CS 218 - Object Oriented Programming with C++

Chapter 11 - Records (structs)


This chapter introduces the student to structures, which are frequently used for records in databases. Objectives important to this chapter:

  1. What structs are
  2. Operations on structs
  3. Data and structs
  4. Structs and Functions
  5. Arrays inside structs
  6. Arrays whose members are structs

The text has already explained that an array is a collection of data elements of the same type. You can think of a struct (short for structure) as being like an array whose members are not all the same type. It is also correct to think of a struct as a complex variable that can have several types of members.

A struct provides the means to store several data items, usually of different types,in the same data object. This makes it an appropriate kind of object for databases. Each record in a database usually has several fields that hold different types of data, such as names, ID numbers, addresses, scores, balances, and more. That's what a struct is for.

A struct template describes how a structure is put together. The format for a template is as follows:

	struct structName 	{
	type member1;	
	type member2;	
	type member3;

Note that a semi-colon is used at the end of the struct definition. Before you use a struct in a program, you must define a struct type. Then you must declare an instance (a variable) of that struct type, which will cause memory space to be allocated to it.

Accessing a value stored in a structure is done using the dot (.) operator, as in:


Example: assume we create a structure template for students and call it student:

        struct student {
         string name;
         int ID;
         double course_average;

This makes a new data type called student.

Then we create an instance of that type called student1 by declaring a variable with that type and name:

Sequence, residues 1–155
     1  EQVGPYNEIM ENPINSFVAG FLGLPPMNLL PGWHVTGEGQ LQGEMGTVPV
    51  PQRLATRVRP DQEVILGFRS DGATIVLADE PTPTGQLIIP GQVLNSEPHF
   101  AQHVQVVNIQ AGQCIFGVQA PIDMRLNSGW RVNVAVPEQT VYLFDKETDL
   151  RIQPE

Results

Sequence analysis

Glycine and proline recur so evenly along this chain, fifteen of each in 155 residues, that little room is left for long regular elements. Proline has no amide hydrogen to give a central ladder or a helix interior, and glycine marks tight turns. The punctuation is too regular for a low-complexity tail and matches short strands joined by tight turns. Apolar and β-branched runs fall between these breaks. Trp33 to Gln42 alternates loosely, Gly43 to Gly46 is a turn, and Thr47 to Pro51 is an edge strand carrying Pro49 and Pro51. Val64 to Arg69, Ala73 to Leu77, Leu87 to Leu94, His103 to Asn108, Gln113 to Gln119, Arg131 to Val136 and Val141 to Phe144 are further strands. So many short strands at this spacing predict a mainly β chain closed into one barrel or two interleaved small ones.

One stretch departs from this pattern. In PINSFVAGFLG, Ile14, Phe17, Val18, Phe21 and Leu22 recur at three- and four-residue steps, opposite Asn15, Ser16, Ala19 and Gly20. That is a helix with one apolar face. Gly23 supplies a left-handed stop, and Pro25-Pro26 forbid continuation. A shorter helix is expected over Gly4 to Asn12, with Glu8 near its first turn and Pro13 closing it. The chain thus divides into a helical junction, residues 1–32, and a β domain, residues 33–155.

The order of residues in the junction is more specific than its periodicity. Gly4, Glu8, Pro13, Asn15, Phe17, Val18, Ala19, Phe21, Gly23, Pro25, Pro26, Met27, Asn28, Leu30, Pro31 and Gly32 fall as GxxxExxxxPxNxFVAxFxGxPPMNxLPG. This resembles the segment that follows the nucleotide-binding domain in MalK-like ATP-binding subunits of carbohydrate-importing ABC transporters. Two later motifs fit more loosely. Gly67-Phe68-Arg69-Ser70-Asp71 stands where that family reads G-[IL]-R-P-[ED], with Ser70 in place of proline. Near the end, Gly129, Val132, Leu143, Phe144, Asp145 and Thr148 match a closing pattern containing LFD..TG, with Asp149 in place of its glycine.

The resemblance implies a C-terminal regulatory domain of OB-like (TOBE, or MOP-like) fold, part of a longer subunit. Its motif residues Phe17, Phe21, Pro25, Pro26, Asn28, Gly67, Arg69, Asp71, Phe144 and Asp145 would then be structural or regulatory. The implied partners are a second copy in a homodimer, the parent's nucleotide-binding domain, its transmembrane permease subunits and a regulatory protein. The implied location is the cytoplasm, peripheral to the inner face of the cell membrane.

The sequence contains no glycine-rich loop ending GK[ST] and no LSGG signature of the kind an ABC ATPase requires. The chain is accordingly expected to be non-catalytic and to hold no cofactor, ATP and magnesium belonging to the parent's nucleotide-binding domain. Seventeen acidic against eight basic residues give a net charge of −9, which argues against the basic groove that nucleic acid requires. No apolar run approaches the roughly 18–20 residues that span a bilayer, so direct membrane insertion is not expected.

student student1;           

We could access the name member of that instance with the code


This notation could be used to read or write information to the member as you would an ordinary variable.

An array of structures is like any other kind of array. In this example, we set a constant for the size of the array, we define a structure, and we declare an array of objects based on that structure:

	  const int MAXBKS = 100;

struct book { string title; string author; string publisher; int ISBN; };
book libro[MAXBKS];

Apply the same rules to an array of structs as to other types of arrays. Use the dot operator to access a member. For example,

/*  meaning the member called 
	title in libro[4] */ 

It is possible to nest structures. A member of a structure can be of type struct.

Structures can be passed to functions in three ways: by passing structures as arguments, by passing pointers to structures as arguments, and by passing structure members as arguments.

When the address of a structure is passed to a function, the indirect membership operator ( ->) is required to gain access to a member. When the structure is passed to a function, the dot operator (.) isrequired to gain access to a member.

Like arrays, you cannot do math on structs, nor can you do comparisons. You can do math and comparisons on members of structs, providing they are not structs themselves.